I have often been asked how I rate the Sarva Shiksha Abhiyan (SSA). Being part of the team that designed SSA, it is always difficult to be fully objective.

The most convincing indictment of our failure in primary education in the first four decades as an independent nation is the 42nd Round National Sample Survey (NSS) findings of 1986-87. It had estimated that 69.23 per cent six plus females in rural India had never been enrolled in a primary school. Kothari Commission’s ‘The destiny of India being shaped in its classrooms’ remained merely an intent without resources.

Rumblings followed the 42nd Round NSS indictment, leading ultimately to the 1993 Unnikrishnan judgment declaring education up to the age of 14 to be a fundamental right of India’s children. Myron Weiner indicted Indian policymakers for not being serious about elementary education for all. Satyapal Anand’s follow-up case brought the judicial pronouncement to centre-stage with Chief Secretaries having to swear affidavits on the eight areas of energisation of Universal Elementary Education (UEE).

Committees galore

When the judicial heat grew stronger, the Muhiram Saikia National Committee of Education Ministers (1997) was set up to assess the financial resources needed to secure UEE. The assessment of out-of-school children was 80 million and ₹40,000 crore was the additional resource need, assessed as a ballpark figure over five years.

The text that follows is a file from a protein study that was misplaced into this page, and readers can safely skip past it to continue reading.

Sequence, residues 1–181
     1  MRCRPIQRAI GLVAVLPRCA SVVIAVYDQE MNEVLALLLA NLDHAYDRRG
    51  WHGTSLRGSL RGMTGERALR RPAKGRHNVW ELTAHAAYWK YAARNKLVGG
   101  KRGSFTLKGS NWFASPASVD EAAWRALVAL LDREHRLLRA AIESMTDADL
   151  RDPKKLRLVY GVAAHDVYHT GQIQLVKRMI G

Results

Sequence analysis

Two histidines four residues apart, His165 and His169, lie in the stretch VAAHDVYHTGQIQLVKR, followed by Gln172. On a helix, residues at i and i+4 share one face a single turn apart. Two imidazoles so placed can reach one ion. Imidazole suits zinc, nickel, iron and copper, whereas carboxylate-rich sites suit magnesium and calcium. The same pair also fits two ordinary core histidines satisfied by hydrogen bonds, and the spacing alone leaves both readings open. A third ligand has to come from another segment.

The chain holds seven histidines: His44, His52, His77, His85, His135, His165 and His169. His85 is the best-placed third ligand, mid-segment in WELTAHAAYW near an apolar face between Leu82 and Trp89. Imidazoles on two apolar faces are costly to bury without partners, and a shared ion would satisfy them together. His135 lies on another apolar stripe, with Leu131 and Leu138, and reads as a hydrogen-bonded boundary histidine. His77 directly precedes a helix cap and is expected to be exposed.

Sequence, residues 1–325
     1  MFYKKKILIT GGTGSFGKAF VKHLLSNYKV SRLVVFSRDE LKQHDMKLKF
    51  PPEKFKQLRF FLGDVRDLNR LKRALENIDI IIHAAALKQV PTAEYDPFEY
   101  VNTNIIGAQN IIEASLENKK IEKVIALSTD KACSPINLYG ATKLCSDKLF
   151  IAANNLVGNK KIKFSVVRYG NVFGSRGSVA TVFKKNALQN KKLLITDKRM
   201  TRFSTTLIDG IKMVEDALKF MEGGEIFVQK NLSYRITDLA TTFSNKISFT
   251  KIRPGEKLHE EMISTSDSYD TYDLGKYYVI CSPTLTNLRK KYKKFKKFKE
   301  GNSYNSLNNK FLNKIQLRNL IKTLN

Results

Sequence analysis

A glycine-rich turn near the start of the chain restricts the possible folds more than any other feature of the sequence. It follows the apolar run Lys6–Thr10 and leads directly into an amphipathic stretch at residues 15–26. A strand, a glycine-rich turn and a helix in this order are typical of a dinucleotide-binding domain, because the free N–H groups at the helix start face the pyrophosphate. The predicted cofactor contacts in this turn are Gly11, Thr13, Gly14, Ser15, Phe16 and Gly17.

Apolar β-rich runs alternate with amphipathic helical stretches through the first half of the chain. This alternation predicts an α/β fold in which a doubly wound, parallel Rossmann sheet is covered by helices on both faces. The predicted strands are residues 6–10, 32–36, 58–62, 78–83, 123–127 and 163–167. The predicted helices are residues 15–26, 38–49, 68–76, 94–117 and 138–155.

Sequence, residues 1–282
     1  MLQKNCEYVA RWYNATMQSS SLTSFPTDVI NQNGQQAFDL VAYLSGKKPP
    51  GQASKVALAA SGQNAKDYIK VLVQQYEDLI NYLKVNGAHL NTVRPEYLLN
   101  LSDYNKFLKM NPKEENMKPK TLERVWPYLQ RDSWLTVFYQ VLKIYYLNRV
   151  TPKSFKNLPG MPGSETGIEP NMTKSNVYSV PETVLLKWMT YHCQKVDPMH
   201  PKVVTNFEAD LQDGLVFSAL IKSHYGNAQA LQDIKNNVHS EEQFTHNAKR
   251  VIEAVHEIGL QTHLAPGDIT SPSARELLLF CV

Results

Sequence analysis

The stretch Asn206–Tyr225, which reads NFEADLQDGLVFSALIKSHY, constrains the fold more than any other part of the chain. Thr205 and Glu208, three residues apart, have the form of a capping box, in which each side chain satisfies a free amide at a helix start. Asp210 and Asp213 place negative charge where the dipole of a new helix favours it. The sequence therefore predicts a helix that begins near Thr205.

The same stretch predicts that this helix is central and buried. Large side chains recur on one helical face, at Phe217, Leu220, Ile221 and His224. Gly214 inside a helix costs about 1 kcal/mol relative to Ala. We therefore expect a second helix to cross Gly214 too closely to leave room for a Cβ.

The Tapas Majumdar Committee (1999) thereafter made the normative assessment for UEE as an additional ₹1,36,823 crore over 10 years! With Finance Ministry’s reservations on resources, another committee of nine Education Ministers under Murli Manohar Joshi was set up to re-work the additional financial need to bring it in the ‘pragmatic realm of the possible’.

An additional ₹60,000 crore over a 10-year period was the result, which is what became the basis for Sarva Shiksha Abhiyan. The Constitution was amended in 2002 to make elementary education a fundamental right of children aged 6-14. Subsequently, the Right to Education (RTE) Act 2009 was passed, albeit without a very specific financial memorandum.

The influential Public Report on Basic Education (PROBE) report 1999, carried out its field work in 1996 in States like Bihar, Uttar Pradesh, Madhya Pradesh and Rajasthan, said there were not enough schools, teachers and classrooms for children. The state of schools was abysmal, the infrastructure inadequate and the learning outcomes deplorable. The PROBE report celebrated Himachal Pradesh for actually doing a ‘schooling revolution’ where all children were in schools.

It was in these tumultuous times that SSA brought hope for UEE at the turn of the century. There was a confidence that a scheme for UEE comprehensively providing for bridging all gaps, will settle the supply-side constraints.

In 2006, the same researchers carried out a PROBE Revisit Survey after a decade of efforts for UEE. The Revisit Study recorded major improvement in school participation, decline in social disparities, and improvement in schooling infrastructure, school incentives, but learning outcomes remained a challenge.